HomeNewsGeorgia voting rights groups suing over new congressional map

Georgia voting rights groups suing over new congressional map



by Dave Williams | Jan 7, 2022 | Capitol Beat News Service

ATLANTA – Voting rights organizations and a group of Georgia voters filed a federal lawsuit Friday challenging new congressional district lines the Republican-controlled General Assembly drew during a special session last fall.

The suit claims the new boundaries for Georgia’s 6th, 13th and 14th congressional districts unlawfully diminish the voting strength of voters of color.

“The Georgia legislature has ‘cracked’ and ‘packed’ communities of color in the congressional districts map, denying voters of color an equal voice in elections,” said Jack Genberg, senior staff attorney for the Southern Poverty Law Center. “This map must be remedied to prevent harm to Georgia’s communities of color for years to come.”

The legal challenge to the congressional map follows a lawsuit filed last month making similar arguments in opposition to new state House and Senate maps Republican lawmakers drew over the objections of legislative Democrats.

The new lawsuit charges the newly drawn congressional map (congress-prop1-2021-packet.pdf (ga.gov) violates the Fourteenth Amendment to the U.S. Constitution by intentionally denying Black communities in Georgia representation and, therefore, equal protection under the law.

Specifically, the plaintiffs accuse GOP legislative leaders of shifting voters of color out of Democratic U.S. Rep. Lucy McBath’s 6th Congressional District in Atlanta’s northern suburbs and replacing them with white voters from suburban and rural counties further north.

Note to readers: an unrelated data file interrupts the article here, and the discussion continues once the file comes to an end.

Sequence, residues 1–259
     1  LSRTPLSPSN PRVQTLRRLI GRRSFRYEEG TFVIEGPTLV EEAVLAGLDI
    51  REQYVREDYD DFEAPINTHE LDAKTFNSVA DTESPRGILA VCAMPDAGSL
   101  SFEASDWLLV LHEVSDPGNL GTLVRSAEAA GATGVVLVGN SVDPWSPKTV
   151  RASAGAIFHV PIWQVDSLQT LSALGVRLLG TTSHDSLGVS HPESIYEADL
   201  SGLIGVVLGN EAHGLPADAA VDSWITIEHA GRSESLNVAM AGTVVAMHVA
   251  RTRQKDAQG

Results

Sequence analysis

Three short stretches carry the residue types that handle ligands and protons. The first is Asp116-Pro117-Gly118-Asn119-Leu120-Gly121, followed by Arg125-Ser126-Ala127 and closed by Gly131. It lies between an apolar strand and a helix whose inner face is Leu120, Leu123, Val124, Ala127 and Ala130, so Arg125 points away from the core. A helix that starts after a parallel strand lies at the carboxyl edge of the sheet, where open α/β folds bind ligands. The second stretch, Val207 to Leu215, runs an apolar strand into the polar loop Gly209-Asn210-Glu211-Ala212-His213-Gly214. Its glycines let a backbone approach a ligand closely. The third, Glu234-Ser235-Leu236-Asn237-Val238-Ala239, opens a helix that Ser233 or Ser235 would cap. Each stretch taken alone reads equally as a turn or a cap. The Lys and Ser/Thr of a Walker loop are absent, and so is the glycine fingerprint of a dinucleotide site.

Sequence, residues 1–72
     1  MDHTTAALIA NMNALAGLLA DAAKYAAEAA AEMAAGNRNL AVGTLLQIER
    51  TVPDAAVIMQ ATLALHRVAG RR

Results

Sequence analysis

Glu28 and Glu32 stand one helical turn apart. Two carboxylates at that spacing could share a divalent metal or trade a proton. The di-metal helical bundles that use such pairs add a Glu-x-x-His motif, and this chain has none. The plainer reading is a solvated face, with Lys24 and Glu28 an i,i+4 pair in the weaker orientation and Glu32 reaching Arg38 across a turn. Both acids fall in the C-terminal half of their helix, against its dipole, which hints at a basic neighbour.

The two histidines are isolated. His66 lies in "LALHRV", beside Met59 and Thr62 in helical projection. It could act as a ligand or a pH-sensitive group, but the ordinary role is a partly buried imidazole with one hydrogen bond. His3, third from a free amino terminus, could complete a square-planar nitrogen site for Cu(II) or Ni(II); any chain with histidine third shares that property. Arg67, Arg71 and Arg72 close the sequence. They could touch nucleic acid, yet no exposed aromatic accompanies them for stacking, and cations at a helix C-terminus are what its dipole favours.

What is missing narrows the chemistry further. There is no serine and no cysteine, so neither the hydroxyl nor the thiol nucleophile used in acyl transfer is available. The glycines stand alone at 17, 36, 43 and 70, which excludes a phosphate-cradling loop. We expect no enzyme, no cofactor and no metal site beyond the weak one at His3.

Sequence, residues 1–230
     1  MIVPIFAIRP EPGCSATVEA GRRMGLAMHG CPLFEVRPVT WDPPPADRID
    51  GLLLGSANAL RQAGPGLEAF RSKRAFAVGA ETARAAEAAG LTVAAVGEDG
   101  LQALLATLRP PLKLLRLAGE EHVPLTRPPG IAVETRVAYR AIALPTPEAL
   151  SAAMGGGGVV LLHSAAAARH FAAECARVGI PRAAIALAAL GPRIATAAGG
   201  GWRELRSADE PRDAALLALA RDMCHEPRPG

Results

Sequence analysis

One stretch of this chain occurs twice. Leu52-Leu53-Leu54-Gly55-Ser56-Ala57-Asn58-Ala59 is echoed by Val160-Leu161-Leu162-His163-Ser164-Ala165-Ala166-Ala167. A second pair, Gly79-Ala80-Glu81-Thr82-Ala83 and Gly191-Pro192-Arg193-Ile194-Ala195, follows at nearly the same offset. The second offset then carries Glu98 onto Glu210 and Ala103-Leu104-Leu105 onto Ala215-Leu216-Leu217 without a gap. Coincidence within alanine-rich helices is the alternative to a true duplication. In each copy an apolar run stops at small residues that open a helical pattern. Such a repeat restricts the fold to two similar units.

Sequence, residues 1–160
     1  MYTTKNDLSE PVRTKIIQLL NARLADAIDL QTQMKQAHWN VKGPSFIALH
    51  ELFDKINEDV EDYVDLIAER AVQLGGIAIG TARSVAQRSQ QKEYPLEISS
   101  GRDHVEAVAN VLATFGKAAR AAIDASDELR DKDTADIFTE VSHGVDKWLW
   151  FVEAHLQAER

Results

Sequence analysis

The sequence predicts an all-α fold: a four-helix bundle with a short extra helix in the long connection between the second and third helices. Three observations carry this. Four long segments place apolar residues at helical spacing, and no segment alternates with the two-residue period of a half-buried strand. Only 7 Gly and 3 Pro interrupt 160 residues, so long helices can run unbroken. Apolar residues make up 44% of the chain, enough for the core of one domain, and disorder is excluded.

McBath, D-Marietta, responded to the changes by declaring her candidacy for the 7th Congressional District seat, pitting her against incumbent Rep. Carolyn Bourdeaux, D-Lawrenceville, in May’s Democratic primary.

On the other hand, according to the suit, Republicans pieced together Black voters from six counties to pack the 13th Congressional District served by Rep. David Scott, D-Atlanta, reducing Black voting strength in surrounding districts.

The suit also objects to a move late in the special redistricting session to draw voters from predominantly Black portions of Cobb County into the 14th Congressional District of conservative Republican Rep. Marjorie Taylor Greene of Rome, made up primarily of white rural voters.

“Georgia’s political maps must reflect the interests of the people – not the politicians,” said Aunna Dennis, executive director of Common Cause Georgia. “These maps intentionally discriminate against Georgians of color by silencing our voices at the ballot box.”

The League of Women Voters is also a plaintiff in the case.

During the special session, Republicans cited the need to balance the populations of each congressional district within a single voter in drawing a new map that is expected to help the GOP build its majority in Georgia’s congressional delegation from 8-6 to 9-5.